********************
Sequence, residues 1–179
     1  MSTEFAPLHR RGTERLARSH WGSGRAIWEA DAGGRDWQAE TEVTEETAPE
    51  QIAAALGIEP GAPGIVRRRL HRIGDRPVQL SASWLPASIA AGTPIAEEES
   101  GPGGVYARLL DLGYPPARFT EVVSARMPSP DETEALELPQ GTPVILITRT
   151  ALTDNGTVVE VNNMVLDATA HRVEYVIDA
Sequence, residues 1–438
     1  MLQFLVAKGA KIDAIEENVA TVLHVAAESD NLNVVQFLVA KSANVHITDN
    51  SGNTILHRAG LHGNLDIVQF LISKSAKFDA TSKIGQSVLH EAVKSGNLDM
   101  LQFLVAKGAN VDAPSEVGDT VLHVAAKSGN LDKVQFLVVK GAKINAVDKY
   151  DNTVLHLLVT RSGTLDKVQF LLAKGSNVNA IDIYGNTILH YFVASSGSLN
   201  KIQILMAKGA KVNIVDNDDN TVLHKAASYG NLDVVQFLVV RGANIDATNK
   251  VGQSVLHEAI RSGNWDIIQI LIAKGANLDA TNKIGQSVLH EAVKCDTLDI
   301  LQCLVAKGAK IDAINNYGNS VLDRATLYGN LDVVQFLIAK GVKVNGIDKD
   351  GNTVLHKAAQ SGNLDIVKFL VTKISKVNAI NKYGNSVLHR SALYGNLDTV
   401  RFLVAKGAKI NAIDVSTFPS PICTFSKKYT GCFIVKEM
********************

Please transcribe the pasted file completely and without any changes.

Sequence, residues 1–179
     1  MSTEFAPLHR RGTERLARSH WGSGRAIWEA DAGGRDWQAE TEVTEETAPE
    51  QIAAALGIEP GAPGIVRRRL HRIGDRPVQL SASWLPASIA AGTPIAEEES
   101  GPGGVYARLL DLGYPPARFT EVVSARMPSP DETEALELPQ GTPVILITRT
   151  ALTDNGTVVE VNNMVLDATA HRVEYVIDA
Sequence, residues 1–438
     1  MLQFLVAKGA KIDAIEENVA TVLHVAAESD NLNVVQFLVA KSANVHITDN
    51  SGNTILHRAG LHGNLDIVQF LISKSAKFDA TSKIGQSVLH EAVKSGNLDM
   101  LQFLVAKGAN VDAPSEVGDT VLHVAAKSGN LDKVQFLVVK GAKINAVDKY
   151  DNTVLHLLVT RSGTLDKVQF LLAKGSNVNA IDIYGNTILH YFVASSGSLN
   201  KIQILMAKGA KVNIVDNDDN TVLHKAASYG NLDVVQFLVV RGANIDATNK
   251  VGQSVLHEAI RSGNWDIIQI LIAKGANLDA TNKIGQSVLH EAVKCDTLDI
   301  LQCLVAKGAK IDAINNYGNS VLDRATLYGN LDVVQFLIAK GVKVNGIDKD
   351  GNTVLHKAAQ SGNLDIVKFL VTKISKVNAI NKYGNSVLHR SALYGNLDTV
   401  RFLVAKGAKI NAIDVSTFPS PICTFSKKYT GCFIVKEM